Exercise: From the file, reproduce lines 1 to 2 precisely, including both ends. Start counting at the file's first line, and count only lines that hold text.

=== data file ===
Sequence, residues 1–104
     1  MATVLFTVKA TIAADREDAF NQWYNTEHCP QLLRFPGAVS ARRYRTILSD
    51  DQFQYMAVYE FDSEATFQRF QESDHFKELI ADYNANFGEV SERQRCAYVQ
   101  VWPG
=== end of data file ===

Sequence, residues 1–104
     1  MATVLFTVKA TIAADREDAF NQWYNTEHCP QLLRFPGAVS ARRYRTILSD